This constitutes a SINGLE QUESTION for a fee on satisfaction of €38..................................................................................Could you define "NUISANCE" in Irish Law?What would a complainant have to establish in order to PROVE that a NOISE regularly [ 4 hours daily in the evening ] heard on their property constituted a nuisance?Where the owner of the offending premises asserts that no nuisance exists as a result of his measurements of NOISE LEVELS on the public road would the MERE FACT that the noise from his premises can be heard on OUR PREMISES and that in our opinion that the noise/sound from the gymnasium consititutes"an unacceptable interference with the personal comfort or amenity of neighbours or the nearby community" what would we require to rebut the gymnasium operators assertion?We hold the opinion that the level and nature of the noise emanating from the gymnasium interferes significantly with our personal comfort and amenity. How do we prove that our personal comfort and amenity are interfered with?? This to me seems to be the crux of the issue. It is the nature of low thumping noise that is the main issue to us but the gymnasium relies upon the sound pressure (dBA) as the basis for refuting our claim that a nuisance exists.We are adamant that the noise is such that we cannot enjoy the peace and comfort of our house for 4 hours 5pm-9pm for four nights each week.
online searches. no help.
If you were to sue your neighbour for nuisance, you would most likely proceed on the basis that there has been substantial interference in your enjoyment of your property. The Court would balance the two competing rights; the right of your neighbour to run their business and the gravity of the harm caused to you. A Court will recgonises that to benefit the public, some people would have to endure some inconvenience. It is reasonable to allow a business to operate even if it causes some inconvenience to it's neighbours. If the inconvenience is great then, a Court may find that this constitutes a nuisance.The gymnasium may make some noise but, they do not have carte blanche to make as much noise as they like.Whether the noise is too much and whether your rights are being breached comes down to evidence. You believe that the low bass noise is a grave interference with your enjoyment of your property, the gymnasium disagree. Why not let a court decide ?You could go into court and ask for an injunction, this is an order prohibiting the gymnasium from making this noise between 5pm and 9pm. The Court may find it reasonable to grant this injunction or, they may vary it and allow the gym to make the noise but for a lesser period of time.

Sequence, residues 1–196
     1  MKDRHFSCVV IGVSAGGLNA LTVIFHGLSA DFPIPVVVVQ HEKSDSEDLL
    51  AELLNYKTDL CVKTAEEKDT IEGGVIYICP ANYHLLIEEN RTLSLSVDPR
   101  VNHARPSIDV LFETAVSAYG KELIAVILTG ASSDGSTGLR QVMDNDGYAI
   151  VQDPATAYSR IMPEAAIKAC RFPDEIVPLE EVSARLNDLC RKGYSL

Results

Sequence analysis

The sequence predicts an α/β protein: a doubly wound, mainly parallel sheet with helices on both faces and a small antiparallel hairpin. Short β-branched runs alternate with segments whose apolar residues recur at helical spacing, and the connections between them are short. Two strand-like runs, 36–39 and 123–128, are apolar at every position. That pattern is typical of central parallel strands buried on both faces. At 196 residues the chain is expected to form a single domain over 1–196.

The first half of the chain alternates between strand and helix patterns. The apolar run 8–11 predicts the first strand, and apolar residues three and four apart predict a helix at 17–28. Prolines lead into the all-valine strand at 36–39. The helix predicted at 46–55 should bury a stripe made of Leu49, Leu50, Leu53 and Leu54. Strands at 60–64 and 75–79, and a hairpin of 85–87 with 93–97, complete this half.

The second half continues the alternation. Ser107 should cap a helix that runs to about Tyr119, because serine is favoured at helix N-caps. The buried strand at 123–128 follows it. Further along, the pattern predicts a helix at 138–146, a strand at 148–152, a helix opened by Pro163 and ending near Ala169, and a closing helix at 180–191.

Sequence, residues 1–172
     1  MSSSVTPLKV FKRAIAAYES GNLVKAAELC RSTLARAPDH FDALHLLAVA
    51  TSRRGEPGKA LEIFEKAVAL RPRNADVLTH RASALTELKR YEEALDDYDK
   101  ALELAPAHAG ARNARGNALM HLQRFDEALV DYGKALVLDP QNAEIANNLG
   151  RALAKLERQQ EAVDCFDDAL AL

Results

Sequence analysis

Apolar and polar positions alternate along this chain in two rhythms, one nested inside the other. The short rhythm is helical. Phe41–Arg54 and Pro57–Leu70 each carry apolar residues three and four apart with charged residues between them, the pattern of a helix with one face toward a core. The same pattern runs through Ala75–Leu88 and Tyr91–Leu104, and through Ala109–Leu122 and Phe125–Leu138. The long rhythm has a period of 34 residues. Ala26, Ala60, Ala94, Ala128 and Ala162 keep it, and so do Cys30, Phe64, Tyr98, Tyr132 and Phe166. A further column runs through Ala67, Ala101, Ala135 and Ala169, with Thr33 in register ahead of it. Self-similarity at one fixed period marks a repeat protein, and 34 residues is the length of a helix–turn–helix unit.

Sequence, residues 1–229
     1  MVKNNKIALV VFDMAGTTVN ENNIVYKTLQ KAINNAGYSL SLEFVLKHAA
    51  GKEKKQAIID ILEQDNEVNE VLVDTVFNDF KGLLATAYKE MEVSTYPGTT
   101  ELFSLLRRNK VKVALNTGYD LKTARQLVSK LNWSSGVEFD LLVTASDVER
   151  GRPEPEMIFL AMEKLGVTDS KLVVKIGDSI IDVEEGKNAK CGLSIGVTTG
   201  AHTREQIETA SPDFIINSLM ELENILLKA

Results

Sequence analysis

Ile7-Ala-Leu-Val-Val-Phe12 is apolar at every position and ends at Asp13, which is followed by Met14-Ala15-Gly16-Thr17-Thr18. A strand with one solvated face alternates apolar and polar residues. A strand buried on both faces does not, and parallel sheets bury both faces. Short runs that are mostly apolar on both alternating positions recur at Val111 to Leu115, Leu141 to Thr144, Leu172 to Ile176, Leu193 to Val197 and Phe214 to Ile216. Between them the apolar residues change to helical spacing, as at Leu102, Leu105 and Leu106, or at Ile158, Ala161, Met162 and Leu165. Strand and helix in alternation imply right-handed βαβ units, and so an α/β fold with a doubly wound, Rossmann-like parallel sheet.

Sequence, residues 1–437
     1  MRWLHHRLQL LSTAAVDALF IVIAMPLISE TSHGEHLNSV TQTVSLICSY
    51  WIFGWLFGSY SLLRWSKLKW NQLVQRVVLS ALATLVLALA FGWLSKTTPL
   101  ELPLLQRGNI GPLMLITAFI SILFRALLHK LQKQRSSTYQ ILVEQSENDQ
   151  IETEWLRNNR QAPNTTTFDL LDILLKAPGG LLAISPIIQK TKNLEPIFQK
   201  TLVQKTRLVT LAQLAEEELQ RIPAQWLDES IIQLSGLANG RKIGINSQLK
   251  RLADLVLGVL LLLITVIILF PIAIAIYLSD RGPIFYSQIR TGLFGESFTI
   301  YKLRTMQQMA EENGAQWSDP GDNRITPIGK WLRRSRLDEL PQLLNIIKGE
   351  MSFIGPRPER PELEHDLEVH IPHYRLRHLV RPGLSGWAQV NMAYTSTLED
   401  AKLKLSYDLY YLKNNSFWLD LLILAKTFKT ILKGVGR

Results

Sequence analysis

Relist: Incomplete answer.Requested specific definition in Irish Law as to what is meant by nuisance. Did not get this answer
Definition of Nuisance.Nuisance is a tort which involves an act or omission which amounts to an unreasonable interference with, disturbance to, or annoyance to another person in the exercise of his rights. If the rights so interfered with relate to the ownership or occupation of land or some other right enjoyed in connection with the land then the act or omission amounts to a private nuisance.The interference must be substantial to be actionable. The remedies include damages or an injunction.
Diploma in Law. Barrister at Law Degree. Practice in most areas of civil law.
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